By Gina Mussio
The role of the athletic trainer has taken on even more importance recently, as data on the risks of head injuries and other serious health issues among football players come to light. But beyond injuries, athletic trainers, or ATs, are involved in many aspects of players' performance.
They handle the prevention, diagnosis and intervention of any medical issues for the athlete, according to the National Athletic Trainers' Association, the field's professional organization. As licensed health-care providers, they are often the first point of medical contact for athletes.
And as it happens, Ohio University's athletic training program, housed in the College of Health Sciences and Professions, has a deep bench of AT alumni filling key positions in the NFL, as well as college and high school sports.
One such alum, John Bowman, returned to his alma mater in 1994 to serve as head athletic trainer for the Bobcat football team. Bowman, BSH '87, is now the Bobcats' director of sports medicine, overseeing all aspects of all teams' health. He manages a 12-person staff, which cares for dozens of athletes in sports ranging from football to soccer to swimming. It's a big job.
"You're dealing with the whole health care of the athlete, both athletic and nonathletic," Bowman says.
For a profession founded with the purpose of providing medical care to athletes, it's probably no surprise that many in the field seek out the hard-hitting sport of football.
"I like the intensity of it, the impact," says Jennifer Brodeur, BSH '91, head football AT for the University of Massachusetts, one of just a handful of women holding that position. "(There's) more of an urgent nature and a high-impact nature than many other sports. That's what us crazy athletic trainers thrive on."
An injury-prone sport such as football definitely challenges an AT's skills, agrees Todd Toriscelli, BSH '84 and director of sports medicine and performance for the NFL's Tampa Bay Bucs. Toriscelli is quick to add that many of those skills he learned in Athens.
"I had a ton to learn when I came out (of my undergraduate program), but the foundation was set," he says. "A lot of things that I learned at Ohio University I still use to this day."
Athletic training originated in the 1930s, but the profession gained traction in the '50s, after the NATA was formed. Ohio University's program was accredited in 1972.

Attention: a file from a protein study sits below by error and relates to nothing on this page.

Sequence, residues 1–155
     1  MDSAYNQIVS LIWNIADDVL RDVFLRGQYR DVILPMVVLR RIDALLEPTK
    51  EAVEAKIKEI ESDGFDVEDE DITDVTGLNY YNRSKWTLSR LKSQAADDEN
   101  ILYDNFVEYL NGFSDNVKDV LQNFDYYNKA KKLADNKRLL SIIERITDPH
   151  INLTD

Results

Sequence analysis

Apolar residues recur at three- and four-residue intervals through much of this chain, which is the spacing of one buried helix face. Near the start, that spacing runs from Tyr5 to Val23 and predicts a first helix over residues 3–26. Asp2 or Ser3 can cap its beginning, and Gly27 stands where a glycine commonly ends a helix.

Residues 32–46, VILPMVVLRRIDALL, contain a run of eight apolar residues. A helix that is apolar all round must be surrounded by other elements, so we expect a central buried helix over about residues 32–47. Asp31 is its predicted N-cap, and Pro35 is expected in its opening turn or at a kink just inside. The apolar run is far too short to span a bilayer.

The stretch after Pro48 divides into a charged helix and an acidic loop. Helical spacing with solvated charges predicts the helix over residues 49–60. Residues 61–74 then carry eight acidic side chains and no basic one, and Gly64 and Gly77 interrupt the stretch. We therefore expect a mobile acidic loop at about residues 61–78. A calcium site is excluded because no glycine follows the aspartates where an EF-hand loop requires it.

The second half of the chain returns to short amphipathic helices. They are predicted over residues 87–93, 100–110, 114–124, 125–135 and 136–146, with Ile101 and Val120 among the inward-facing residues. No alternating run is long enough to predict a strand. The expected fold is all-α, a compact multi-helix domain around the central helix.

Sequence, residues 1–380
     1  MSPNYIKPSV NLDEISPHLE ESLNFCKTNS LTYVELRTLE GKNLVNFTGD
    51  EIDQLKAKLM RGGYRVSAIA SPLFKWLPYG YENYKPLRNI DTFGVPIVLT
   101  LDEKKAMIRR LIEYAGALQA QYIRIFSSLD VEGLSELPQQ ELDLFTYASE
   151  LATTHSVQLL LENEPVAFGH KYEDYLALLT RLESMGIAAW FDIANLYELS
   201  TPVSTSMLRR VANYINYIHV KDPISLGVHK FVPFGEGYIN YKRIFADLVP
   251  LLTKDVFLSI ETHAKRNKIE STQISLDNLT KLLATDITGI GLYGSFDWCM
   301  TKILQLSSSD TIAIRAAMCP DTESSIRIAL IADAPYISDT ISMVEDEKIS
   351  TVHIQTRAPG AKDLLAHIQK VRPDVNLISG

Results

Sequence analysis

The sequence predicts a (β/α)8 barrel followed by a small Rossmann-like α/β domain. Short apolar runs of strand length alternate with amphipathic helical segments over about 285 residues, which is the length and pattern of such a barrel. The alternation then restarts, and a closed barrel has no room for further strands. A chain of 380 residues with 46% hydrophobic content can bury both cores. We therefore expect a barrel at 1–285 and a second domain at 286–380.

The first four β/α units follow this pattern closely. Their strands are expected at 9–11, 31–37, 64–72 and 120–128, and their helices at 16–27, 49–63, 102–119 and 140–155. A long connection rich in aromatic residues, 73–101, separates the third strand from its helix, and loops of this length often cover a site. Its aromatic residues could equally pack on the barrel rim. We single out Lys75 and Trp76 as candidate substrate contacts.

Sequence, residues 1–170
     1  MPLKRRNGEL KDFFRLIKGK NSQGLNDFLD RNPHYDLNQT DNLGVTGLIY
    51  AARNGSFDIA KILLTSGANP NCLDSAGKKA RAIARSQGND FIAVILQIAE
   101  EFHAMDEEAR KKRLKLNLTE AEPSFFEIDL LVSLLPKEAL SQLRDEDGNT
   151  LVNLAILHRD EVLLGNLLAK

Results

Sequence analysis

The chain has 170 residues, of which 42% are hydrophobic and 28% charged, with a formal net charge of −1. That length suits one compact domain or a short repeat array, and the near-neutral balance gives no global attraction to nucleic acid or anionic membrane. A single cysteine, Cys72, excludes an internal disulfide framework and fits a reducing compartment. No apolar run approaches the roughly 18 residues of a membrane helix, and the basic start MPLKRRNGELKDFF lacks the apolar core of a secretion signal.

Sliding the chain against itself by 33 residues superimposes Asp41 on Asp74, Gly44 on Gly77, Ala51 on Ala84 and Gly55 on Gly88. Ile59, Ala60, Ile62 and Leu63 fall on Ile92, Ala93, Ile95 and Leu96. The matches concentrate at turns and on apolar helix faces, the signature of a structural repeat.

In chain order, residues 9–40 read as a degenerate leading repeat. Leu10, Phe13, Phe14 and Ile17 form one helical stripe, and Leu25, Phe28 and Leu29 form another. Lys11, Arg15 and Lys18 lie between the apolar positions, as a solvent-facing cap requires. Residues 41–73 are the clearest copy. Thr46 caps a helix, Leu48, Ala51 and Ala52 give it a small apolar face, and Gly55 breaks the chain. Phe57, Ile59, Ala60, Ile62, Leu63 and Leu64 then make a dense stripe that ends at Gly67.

Just as it is now, "real-world" training was a key part of the early AT program. Students worked with different teams, switching sports with each new season.
"We were hands-on from the get-go," says Chris Hanks, BSPE '89, who took over as head athletic trainer for the NFL's Chicago Bears in the spring. "That was the strong point of the Ohio University athletic program when I went through it. It's not just the education – which was very sound – but your practical clinical experiences. When you leave, you feel very confident and well-educated."
Today, the undergraduate professional program has about 100 students enrolled and the graduate program has 36, making it one of the largest post-professional programs in the country, says Chad Starkey, professor of athletic training.
"The AT 'Bobcat Nation' is one of the pillars that supports the longstanding tradition of producing quality health-care providers," Starkey says. "We always look forward to hearing from our alumni and bringing them back to Athens to relive memories and help us build toward the future."
The lineup of Bobcat ATs in major sports is extensive. It includes Dave Kerns, MSPE '87, head football athletic trainer at West Virginia University; Matt Johnson, BSAT '01, assistant athletic trainer for the Chicago Cubs; Tim Neal, BSED '79, assistant director of athletics for sports medicine at Syracuse University; and Angela Andrews, MSRSS '10, head athletic trainer at High Point (N.C.) High School.
What do all these ATs have in common?
"Game day is what it's all about," says the Bears' Hanks. "Game Day gets you hooked. It's a lot of work during the week, and it's a reward for the players as well as the athletic trainers to get to that point."
"There's so much behind the scenes that goes into it to get those kids as healthy as you can, as ready as you can," he says. "I've always got that feeling when I go home at night that I felt good about what I did today."
Gina Mussio was a student writer for Ohio University's College of Health Sciences and Professions during the fall 2012 semester.
Video by Ryan Nord
Interviews by Elizabeth Dickson
Real-world training is a key part of the athletic training program at Ohio University: Undergraduate and graduate students receive hands-on experience in providing care for a variety of sports at both the high school and collegiate levels. While the students enroll in the program to learn the methods of the field, many come away with something more.
Nowhere is this more evident than at the athletic training facility in Peden Stadium, where two dynamics at play can be observed. The first is that of an athletic trainer helping an athlete — by putting an ice bag on the athlete, taping up a set of ankles or identifying a problem. The other dynamic is one of friendship. Many of these trainers develop a bond with the athletes and over the years witness how they overcome injuries and struggles to achieve success.
In this video, students at Ohio University and Director of Sports Medicine John Bowman, BSH '87, talk about the work they do and what makes the program unique.